JRB-SCM Critical Zone Observatory
Transformative Behavior of Energy, Water and Carbon in the Critical Zone: An Observatory to Quantify Linkages among Ecohydrology, Biogeochemistry, and Landscape Evolution
As various earth science communities were exploring the need for integrated, multi-disciplinary observatories, SAHRA established a prototype observatory as part of its basin-scale water balance research theme. Most of the research was co-located in nested catchments along an elevation gradient in the Jemez Mountains within the Valles Caldera National Preserve (VCNP) of New Mexico.
Research in the ecohydrological observatory in New Mexico and paired efforts in Arizona informed the Jemez River Basin - Santa Catalina Mountains (JRB-SCM) Critical Zone Observatory, which was established in 2009 as part of the National CZO Program funded by the National Science Foundation. This project draws upon results from the Valles Caldera site and paired observations developed in the Santa Catalina Mountains to investigate processes occurring at and near the Earth's surface that are observable in the function, structure and co-evolution of biota, soils, and landforms. By building on both SAHRA research and infrastructure, the CZO is poised to make meaningful, far-reaching contributions to understanding climate and land cover change in much the same way SAHRA has to the field of arid and semi-arid hydrology.
The JRB-SCM Critical Zone Observatory is an interdisciplinary observatory that will improve our fundamental understanding of the function, structure and co-evolution of vegetation, soils, and landforms that comprise the Critical Zone (CZ). CZ systems organize and evolve in response to open system fluxes of energy and mass that can be quantified at point to watershed scales. These energy and mass fluxes include meteoric CZ inputs of radiation, water and carbon that are modulated by surficial biota to produce fluids and biogeochemicals that undergo further biotic and abiotic transformation during gradient-driven transport.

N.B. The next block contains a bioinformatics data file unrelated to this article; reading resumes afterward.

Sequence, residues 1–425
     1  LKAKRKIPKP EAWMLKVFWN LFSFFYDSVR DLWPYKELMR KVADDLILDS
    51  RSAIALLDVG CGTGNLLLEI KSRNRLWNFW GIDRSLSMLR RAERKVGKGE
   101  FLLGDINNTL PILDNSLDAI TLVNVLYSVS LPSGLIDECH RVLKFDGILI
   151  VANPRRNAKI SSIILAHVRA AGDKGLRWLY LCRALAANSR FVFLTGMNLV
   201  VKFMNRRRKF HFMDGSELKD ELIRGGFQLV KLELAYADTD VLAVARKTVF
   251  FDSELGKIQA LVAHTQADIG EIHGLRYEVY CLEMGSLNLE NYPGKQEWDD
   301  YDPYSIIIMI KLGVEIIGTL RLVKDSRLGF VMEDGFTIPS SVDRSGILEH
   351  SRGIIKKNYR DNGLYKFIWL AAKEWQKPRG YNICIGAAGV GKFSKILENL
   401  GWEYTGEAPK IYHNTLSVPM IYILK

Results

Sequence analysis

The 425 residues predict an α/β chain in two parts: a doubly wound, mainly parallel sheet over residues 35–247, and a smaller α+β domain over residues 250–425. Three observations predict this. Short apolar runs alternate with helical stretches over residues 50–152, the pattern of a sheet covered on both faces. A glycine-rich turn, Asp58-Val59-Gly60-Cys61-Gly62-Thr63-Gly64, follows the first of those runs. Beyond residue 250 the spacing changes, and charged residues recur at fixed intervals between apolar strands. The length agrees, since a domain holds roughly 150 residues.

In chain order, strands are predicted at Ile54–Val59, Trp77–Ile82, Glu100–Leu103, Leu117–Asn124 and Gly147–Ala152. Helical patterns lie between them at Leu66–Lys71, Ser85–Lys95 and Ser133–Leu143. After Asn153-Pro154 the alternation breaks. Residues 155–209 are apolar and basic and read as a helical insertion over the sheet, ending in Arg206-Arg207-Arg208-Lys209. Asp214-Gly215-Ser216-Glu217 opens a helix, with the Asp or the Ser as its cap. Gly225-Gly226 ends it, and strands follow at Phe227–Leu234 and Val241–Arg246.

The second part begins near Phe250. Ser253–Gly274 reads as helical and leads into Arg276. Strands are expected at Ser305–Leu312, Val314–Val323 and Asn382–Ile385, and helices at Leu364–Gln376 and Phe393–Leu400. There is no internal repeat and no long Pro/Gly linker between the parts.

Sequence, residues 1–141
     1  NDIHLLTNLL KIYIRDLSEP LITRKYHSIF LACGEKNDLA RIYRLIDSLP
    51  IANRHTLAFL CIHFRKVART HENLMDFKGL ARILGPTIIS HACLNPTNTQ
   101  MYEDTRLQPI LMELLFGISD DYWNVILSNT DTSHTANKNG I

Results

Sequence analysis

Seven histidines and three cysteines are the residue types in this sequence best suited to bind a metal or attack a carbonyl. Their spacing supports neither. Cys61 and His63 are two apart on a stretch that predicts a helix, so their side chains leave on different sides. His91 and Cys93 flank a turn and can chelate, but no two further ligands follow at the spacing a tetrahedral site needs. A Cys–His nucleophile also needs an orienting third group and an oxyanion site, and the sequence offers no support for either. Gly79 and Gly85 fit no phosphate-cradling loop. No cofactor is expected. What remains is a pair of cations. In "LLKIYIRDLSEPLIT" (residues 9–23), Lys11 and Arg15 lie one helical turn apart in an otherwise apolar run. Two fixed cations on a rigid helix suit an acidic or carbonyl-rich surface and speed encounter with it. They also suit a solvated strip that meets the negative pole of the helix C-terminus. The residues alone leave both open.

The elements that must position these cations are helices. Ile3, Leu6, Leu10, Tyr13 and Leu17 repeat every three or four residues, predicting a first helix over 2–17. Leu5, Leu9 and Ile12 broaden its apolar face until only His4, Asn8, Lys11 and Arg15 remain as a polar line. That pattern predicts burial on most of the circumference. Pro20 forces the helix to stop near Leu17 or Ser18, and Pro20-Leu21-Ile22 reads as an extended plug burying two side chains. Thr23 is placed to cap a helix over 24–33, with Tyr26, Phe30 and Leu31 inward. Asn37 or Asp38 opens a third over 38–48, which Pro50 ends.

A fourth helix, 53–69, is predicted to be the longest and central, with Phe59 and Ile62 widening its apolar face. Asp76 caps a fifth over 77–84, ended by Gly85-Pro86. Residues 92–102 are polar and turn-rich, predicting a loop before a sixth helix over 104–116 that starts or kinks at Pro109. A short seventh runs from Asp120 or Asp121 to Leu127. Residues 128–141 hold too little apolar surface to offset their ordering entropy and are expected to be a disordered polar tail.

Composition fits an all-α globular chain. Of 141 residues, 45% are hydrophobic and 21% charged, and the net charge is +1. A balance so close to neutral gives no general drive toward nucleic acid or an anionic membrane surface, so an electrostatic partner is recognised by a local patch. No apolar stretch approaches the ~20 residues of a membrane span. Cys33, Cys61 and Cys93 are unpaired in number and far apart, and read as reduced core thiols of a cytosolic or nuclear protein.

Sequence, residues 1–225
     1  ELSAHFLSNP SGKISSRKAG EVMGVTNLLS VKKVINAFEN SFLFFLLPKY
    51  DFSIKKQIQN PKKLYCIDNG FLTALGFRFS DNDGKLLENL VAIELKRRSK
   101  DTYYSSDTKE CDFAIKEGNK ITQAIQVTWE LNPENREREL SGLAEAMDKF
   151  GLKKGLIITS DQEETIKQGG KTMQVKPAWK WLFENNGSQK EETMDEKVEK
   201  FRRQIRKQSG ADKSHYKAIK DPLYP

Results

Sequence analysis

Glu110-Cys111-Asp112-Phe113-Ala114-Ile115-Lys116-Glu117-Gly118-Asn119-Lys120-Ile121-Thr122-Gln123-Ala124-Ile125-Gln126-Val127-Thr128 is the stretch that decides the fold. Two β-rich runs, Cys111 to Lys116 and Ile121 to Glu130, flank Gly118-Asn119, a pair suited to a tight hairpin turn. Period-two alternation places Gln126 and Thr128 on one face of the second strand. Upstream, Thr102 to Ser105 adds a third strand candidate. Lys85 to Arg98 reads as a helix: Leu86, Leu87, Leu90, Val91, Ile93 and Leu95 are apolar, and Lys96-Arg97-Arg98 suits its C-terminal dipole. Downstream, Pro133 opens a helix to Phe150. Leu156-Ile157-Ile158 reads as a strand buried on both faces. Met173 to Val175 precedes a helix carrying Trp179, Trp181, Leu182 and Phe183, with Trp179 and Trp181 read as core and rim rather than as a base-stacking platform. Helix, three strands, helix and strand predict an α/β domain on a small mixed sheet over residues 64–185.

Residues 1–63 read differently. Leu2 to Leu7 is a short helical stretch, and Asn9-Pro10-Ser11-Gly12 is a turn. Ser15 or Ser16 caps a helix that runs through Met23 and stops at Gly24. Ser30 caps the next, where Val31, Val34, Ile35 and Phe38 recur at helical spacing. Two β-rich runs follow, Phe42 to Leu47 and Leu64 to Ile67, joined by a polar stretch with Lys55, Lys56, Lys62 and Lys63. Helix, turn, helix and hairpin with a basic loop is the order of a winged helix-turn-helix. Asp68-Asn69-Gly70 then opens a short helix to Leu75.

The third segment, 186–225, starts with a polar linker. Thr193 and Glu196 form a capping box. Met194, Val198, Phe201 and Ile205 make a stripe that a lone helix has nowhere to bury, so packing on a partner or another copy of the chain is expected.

Tools and approaches to disciplinary research in earth surface science have advanced dramatically in recent decades and confirmed independently the importance of energy, water and carbon availability in controlling geomorphology, hydrology, pedology, biogeochemistry, and ecosystem structure. However, the feedbacks and inter-relations among them – which define the essential characteristics of critical zone function – remain poorly understood. A coordinated effort focused on (i) quantifying how energy, water and carbon inputs are effectively partitioned and transformed by CZ structure while (ii) identifying how CZ structure develops in response to spatial and temporal variability in energy and mass fluxes will yield major advances in our understanding of CZ responses to climate and land use change. Toward that end, our CZO is organized around a broad question that requires an integrated, multi-disciplinary approach:
How does variability in energy input and related mass fluxes influence CZ structure and function, and how do feedbacks with water/carbon cycling and landscape evolution alter short- and long-term CZ development?
A premise of our investigation is that during CZ evolution, feedbacks occur at a range of spatial and temporal scales as a result of the coupling of physical, chemical, and biological processes. To identify the couplings, our research is organized around three crosscutting science themes that are both multi-disciplinary and multi-scale:
- Ecohydrology and Hydrologic Partitioning,
- Subsurface Biogeochemistry, and
- Landscape Evolution.
Furthermore, the first logical step to quantify the couplings between these theme areas is to focus on the flows of effective energy, water and carbon. Our subsidiary hypotheses are intended to stimulate interdisciplinary advances within themes and to promote the identification of critical couplings and feedbacks among them.
The results from the JRB-SCM CZO will improve our ability to predict Critical Zone response to changes in climate and land cover, which is immediately useful to regional resource managers, and will ultimately inform broader-scale decision support.
The CZO coordinates closely with - and facilitates interactions between - both the CZEN cyberinfrastructure network and the CUAHSI Hydrologic Information System (HIS) to support data collection, storage, and dissemination. It will expand upon ongoing database and web services development funded by SAHRA for the CZO area for time-series data retrieval and mapping. Its education and outreach activities will build upon other highly effective educational efforts developed and led at UA through ISPE, CLIMAS, and SAHRA. It will develop a range of products and activities for K–16 students, the general public, and stakeholders, including summer Observatory field experiences for local high school and undergraduate students, graduate courses, and field camps in earth science, as well as coordination of related efforts by other science centers active in the region.
For more information, please visit: http://www.czo.arizona.edu.
See also UA News article: UA Awarded $4.35M to Study Earth's Critical Zone